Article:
A lot of people ask me about materials and techniques that I employ, and I've always really enjoyed it when other artists let me peek in on their process, so let's sweat the details together shall we?
First off, even before we get into materials, I think it's important to respect your art and anyone who may want to purchase it. You art is your legacy and if you're lucky it will last longer than you, you bag of decomposing bones. Although I wouldn't classify myself as a "Gear Person" you know the type; has to have the finest this and most expensive that, however, drawing on a used pizza box with a ballpoint pen isn't going to cut it either. It's important to use acid free papers and light-fast inks, your future-self will thank your past-self for doing it.
First I draw a rough on animation paper using a red col-erase pencil and a soft graphite pencil (5B). Animation paper is fine-toothed and very thin, made for light boxing. As you can see I get pretty sloppy, and that's the way I like it. I don't ink directly on my rough and I find this gives me the freedom to make mistakes and take chances. If I start inking and don't like how it's turning out *crunch* off it goes in the wastebasket and it doesn't matter because I still have my rough. I always ink the faces first, because if you screw up the face your drawings are done for. Oh, and I hate white-out and rarely use the stuff.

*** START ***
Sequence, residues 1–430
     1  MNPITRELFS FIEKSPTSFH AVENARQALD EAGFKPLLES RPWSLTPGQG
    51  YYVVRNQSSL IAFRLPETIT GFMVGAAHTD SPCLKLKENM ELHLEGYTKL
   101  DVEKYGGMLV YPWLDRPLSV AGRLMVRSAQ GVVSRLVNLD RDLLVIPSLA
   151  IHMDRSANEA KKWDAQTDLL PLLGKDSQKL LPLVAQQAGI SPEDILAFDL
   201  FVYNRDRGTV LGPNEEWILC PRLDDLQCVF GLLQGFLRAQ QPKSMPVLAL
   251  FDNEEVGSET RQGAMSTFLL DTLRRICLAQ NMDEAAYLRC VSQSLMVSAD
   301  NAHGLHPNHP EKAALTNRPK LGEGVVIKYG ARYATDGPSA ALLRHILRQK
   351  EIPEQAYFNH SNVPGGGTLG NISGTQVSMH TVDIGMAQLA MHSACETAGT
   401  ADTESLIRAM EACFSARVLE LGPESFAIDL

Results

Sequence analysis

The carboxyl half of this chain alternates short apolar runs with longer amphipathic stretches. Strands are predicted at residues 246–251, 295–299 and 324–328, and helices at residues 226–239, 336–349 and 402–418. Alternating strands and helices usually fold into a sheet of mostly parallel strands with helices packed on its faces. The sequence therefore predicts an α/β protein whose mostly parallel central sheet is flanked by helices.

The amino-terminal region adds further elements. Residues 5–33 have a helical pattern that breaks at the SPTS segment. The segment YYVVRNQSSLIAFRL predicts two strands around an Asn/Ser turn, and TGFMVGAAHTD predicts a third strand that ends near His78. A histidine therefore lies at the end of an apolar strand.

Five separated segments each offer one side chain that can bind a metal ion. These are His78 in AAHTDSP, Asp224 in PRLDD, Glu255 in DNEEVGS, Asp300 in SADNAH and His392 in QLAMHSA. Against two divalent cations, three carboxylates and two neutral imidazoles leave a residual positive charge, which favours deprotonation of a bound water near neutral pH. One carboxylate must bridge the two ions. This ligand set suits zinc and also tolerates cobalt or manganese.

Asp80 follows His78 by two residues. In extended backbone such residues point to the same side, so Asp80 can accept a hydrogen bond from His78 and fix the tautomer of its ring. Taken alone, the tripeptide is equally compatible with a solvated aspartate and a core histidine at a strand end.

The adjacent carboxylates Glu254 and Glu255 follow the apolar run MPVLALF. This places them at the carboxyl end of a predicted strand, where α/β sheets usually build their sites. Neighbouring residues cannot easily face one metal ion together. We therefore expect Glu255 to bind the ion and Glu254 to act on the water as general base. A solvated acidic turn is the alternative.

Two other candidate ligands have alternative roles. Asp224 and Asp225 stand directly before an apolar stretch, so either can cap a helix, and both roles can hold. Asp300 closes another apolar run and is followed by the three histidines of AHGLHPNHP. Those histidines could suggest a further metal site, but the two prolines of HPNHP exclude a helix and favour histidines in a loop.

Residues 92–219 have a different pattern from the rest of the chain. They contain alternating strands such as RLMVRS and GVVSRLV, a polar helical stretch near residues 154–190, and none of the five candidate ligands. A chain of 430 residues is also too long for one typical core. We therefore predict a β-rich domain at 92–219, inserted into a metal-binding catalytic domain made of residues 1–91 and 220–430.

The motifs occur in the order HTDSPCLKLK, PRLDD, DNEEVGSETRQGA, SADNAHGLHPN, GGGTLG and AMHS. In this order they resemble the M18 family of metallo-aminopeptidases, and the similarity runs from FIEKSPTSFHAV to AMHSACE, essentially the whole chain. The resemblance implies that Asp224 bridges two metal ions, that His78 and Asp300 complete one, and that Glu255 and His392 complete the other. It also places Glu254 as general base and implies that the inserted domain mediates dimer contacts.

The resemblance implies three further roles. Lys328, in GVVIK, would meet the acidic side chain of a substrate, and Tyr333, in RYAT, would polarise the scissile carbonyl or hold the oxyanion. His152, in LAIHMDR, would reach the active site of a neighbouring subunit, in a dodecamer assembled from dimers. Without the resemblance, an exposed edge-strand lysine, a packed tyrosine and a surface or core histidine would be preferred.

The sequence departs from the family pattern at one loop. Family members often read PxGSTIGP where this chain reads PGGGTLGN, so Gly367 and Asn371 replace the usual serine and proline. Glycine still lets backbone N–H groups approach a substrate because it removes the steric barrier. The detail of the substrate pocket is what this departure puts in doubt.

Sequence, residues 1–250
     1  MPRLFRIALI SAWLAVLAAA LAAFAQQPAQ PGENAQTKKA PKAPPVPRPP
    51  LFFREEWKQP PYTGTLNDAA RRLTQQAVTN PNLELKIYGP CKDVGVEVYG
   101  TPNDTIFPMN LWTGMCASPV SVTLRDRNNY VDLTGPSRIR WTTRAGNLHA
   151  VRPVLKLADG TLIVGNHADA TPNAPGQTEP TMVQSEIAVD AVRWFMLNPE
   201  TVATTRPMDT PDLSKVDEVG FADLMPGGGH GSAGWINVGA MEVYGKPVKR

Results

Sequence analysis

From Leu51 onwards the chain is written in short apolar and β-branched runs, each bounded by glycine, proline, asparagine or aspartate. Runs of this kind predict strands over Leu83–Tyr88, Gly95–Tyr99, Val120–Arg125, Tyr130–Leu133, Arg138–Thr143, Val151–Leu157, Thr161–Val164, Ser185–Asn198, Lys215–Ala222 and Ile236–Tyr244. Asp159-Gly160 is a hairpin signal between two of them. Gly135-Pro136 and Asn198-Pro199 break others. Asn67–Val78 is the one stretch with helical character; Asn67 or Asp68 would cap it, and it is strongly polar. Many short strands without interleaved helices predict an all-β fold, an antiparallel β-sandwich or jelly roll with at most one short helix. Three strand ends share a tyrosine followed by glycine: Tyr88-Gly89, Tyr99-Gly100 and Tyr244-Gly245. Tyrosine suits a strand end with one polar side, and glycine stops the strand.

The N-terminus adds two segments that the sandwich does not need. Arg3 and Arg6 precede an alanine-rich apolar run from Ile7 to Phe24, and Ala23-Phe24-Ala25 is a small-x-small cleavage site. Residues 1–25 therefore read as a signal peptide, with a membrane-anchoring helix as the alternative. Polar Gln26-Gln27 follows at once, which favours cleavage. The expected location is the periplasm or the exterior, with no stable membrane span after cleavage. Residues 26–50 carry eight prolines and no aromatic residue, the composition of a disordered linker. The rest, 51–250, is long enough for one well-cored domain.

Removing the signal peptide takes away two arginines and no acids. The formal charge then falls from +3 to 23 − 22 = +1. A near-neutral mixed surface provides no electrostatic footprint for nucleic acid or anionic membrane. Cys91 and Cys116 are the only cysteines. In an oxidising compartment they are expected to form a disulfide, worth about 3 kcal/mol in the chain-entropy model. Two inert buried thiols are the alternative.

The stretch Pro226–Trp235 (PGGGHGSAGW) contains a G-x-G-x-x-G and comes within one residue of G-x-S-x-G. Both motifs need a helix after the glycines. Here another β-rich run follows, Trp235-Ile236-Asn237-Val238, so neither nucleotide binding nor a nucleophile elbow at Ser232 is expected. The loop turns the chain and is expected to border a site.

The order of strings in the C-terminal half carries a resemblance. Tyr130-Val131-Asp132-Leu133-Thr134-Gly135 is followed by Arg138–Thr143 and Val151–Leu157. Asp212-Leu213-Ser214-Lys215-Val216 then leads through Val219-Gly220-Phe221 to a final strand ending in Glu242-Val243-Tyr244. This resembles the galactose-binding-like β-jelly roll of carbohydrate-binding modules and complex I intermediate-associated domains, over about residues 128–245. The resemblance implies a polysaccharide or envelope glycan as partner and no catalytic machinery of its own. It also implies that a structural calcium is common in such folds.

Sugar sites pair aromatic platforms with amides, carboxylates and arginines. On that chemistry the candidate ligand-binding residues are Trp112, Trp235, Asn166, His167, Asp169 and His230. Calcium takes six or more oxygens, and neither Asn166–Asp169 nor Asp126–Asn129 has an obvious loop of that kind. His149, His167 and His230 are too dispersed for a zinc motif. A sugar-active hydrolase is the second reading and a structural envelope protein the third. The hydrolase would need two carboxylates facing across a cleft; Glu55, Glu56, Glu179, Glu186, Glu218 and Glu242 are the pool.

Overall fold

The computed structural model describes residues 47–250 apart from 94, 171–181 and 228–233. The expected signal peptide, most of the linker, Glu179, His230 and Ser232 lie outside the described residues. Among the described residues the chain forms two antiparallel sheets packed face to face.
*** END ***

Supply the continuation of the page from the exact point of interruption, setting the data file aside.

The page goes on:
The paper I use when inking is from these sketchbooks that I purchase at my local art supply store. It's nothing fancy but it's acid-free and has the perfect medium-tooth for dry brush and it's 73lb, so it's thin enough to light box with. The ink is applied with a #2 Winsor & Newton University Series, they have synthetic bristles so they're inexpensive and durable. The ink I use is Speedball Super Black India Ink, when opening a new bottle I leave it uncapped for about a week to thicken it. I use a post-it note stuck near my art to wipe any excess ink off the brush, very important when applying a dry brush technique.
The overall theme to my work area is "Organized Chaos". That's my table-top animation desk that I use to do all my work on (there's a light behind it for light boxing). Non-permanent scotch tape is important to tape up your art so it doesn't fall down all the time. Also the natural-light lightbulbs for your desk are fantastic, they're easy on the eyes and makes your colours so much truer.
Thanks everybody for your continual support and now that I've shown you mine let's see yours.